Guest Blogger – Leslie Gartenberg, mother of 3 Karate International Black Belts
I have had 3 children go through the program at KI. Two of them currently teach at the dojo, (and the third hopes to very shortly). They hold a variety of belt levels, in multiple Martial Art forms including Karate, Judo, Jujitsu, Kendo, and Iaido. Their highest ranks are in Karate, currently, Deputy 4th Degree (Jacob, rising Sophomore in College), 3rd Degree (Noah – 16 yrs), and Junior 2nd Degree (Eli – 12 yrs). The oldest is currently testing for Black Belt in Jujitsu.
They all started in the Pre-school Little Samurai class and worked their way up. They are three very different personalities, and have three very different learning styles. I can remember times where each of them was so proud at their promotion, and other times where they were frustrated at how long it was taking to get to the next belt.
What’s wonderful is we were able to look at their progress on their Class Card, together, and see what they were working on, and what needed to happen to get it passed off. Sometimes it was more time in the class. We would see if we could attend a second or third (or even fourth!) time, per week, for the next few weeks.
Sometimes they needed a private lesson to really drill down on one skill or another. Sometimes it meant practicing at home. There was always something we could do together to help our sons feel that they had control over their progress. Achieving rank isn’t something bestowed on to them, it’s something they worked for and earned.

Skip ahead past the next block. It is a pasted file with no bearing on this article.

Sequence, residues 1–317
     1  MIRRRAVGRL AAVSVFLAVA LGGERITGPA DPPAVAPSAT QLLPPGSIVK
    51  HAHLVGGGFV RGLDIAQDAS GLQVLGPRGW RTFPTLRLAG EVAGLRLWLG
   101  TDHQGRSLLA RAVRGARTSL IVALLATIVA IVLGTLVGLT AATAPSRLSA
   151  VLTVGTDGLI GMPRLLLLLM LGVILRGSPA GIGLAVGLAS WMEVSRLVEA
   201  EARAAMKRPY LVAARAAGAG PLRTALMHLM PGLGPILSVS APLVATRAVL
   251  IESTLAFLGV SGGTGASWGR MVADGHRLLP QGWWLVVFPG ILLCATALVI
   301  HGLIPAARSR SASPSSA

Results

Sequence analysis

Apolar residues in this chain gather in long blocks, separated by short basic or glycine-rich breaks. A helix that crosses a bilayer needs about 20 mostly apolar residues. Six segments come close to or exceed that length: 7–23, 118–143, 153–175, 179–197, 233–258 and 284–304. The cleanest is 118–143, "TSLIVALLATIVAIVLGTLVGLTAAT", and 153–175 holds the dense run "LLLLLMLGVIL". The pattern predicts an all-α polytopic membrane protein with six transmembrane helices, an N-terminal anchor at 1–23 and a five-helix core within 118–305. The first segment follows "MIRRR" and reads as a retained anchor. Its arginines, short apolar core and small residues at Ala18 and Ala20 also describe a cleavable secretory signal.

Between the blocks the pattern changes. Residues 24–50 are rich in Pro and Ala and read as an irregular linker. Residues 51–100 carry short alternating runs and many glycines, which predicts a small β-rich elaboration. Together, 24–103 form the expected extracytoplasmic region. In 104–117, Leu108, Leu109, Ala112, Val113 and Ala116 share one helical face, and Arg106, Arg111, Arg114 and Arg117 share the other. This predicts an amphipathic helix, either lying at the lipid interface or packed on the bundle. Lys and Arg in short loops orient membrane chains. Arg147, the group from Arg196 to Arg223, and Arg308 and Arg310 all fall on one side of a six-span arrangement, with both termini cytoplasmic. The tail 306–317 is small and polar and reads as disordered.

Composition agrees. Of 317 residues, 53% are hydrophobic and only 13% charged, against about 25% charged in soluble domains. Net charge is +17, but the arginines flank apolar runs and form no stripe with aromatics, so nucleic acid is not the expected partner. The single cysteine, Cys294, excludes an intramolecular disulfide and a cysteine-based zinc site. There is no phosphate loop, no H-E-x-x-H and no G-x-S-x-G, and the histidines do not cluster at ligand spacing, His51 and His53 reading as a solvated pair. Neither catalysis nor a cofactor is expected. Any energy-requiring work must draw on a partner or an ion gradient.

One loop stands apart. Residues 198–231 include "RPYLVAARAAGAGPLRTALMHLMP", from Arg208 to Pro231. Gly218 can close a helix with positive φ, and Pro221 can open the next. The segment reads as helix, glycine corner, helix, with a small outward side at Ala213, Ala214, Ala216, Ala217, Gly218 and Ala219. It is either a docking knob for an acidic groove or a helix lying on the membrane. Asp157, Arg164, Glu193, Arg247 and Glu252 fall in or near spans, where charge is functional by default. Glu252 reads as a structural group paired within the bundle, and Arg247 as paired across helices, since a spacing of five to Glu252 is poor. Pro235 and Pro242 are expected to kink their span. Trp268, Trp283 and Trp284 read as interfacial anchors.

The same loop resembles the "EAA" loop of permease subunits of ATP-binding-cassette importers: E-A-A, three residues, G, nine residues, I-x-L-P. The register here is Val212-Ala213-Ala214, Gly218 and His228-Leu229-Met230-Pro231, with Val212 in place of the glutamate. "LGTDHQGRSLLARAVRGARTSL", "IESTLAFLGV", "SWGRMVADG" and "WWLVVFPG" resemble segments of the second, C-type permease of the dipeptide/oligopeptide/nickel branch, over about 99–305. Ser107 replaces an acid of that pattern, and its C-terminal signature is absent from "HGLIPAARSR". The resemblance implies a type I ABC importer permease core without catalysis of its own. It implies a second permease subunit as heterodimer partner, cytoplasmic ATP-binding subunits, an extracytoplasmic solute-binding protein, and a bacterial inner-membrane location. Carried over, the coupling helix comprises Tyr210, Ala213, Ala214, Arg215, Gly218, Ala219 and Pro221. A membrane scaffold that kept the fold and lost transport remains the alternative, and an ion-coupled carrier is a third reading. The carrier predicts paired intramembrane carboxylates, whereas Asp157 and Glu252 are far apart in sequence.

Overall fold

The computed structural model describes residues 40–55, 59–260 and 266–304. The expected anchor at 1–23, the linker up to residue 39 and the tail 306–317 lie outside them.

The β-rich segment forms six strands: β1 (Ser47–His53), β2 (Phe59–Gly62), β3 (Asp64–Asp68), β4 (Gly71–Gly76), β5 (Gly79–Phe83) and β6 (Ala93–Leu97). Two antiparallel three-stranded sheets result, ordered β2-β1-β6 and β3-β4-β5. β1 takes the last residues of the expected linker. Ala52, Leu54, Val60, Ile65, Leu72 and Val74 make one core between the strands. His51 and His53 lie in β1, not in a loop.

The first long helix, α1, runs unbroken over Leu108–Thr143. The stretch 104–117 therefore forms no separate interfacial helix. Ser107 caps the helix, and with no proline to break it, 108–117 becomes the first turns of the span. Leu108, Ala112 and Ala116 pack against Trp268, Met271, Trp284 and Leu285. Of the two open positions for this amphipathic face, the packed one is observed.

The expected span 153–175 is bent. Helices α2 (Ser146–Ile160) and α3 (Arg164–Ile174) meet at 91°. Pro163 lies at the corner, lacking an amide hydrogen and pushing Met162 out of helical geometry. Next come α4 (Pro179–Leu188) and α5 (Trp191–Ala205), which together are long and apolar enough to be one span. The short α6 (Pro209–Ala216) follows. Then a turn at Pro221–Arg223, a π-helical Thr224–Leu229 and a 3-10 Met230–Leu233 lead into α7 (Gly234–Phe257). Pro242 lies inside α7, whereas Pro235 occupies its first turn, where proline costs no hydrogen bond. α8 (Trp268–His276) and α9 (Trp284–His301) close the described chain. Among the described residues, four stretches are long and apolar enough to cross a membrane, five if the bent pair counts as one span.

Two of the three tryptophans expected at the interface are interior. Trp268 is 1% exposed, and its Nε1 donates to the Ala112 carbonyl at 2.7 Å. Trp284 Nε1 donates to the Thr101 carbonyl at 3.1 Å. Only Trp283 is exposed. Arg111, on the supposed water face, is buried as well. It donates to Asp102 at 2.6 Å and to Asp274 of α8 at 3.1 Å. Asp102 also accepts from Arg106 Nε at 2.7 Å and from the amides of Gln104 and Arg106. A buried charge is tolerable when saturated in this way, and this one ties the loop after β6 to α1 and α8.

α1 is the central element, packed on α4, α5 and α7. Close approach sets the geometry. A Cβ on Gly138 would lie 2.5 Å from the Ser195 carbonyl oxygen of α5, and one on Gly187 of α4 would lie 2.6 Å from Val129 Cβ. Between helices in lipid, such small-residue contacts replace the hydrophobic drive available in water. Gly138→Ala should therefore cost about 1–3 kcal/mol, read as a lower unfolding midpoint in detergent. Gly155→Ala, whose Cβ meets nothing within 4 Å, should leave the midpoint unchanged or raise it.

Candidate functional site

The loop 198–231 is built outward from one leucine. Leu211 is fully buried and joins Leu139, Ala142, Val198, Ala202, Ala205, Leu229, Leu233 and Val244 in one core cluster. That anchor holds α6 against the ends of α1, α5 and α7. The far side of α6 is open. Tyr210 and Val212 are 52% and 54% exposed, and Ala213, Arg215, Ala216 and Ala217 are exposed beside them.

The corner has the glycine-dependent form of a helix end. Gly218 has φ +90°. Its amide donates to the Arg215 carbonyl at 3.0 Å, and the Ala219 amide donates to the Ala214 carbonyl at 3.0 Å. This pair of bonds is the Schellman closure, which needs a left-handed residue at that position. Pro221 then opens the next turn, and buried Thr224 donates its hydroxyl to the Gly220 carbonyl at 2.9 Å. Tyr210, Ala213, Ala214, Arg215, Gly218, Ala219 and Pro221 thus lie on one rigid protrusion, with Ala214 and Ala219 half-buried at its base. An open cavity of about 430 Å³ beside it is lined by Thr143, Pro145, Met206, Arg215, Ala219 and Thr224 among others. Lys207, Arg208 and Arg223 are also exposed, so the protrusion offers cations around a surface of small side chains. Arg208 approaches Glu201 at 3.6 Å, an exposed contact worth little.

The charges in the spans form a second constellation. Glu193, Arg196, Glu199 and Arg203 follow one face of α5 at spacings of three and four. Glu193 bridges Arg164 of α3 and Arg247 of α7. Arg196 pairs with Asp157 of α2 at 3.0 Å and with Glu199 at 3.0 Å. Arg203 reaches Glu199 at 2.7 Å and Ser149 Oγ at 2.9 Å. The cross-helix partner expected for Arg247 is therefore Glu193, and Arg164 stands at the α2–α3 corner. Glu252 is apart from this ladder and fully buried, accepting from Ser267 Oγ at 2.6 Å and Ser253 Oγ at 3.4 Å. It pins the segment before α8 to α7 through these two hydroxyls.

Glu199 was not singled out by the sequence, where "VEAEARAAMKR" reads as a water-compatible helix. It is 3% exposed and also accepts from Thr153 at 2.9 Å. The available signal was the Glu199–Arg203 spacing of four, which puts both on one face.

One of my youngest son’s first sentences was “I so proud myself” as he pointed to his belt. That’s the feeling we wanted our kids to have.
There came a time when one of my sons wanted to quit karate. I told him the grown up way to quit something is to do it face to face. I asked him to come in to the dojo to discuss it. Sure enough, as soon as he was there, he ran into class with no mention of quitting.
The reality was he didn’t want to stop karate. He hadn’t wanted to stop playing at the moment to change into his Gi and go to the dojo. The truth was, once he was there, he loved being in class. (And boy did he need to get out some energy!)
Mr. Josh, Mrs. O, and Ms. Palmer and everyone else at the dojo are extremely helpful in guiding our kids. Whenever there was a question about our child’s interest in continuing or frustration with their pace, it was helpful to talk with someone and let them know what was going on. They were always terrific at having the teachers give lots of positive encouragement and knew just how to help our sons feel confident and encouraged.
I can remember Mr. Maidon sitting down with one of our sons on the mat and telling him he wasn’t going to reach his next belt that month. I was worried my son would be upset. Instead, he came running up to me after class, very excited with the feedback Mr. Maidon had provided. He felt so good about himself even though he was not getting his next belt. It’s about the process, and the progress, not the reward.
Karate has taken our kids from being high energy and distractible, with not enough self-esteem, to being strong, confident and mature, able to work for what they want, and with clear understanding of delayed gratification. They know the best things in life are worth working for. They know how to take larger goals and break them into small manageable chunks. They know they are valued and trusted. They know they’ve earned their rank and are proud of their WORK. Proud of the work, not proud of the belt. That’s the difference.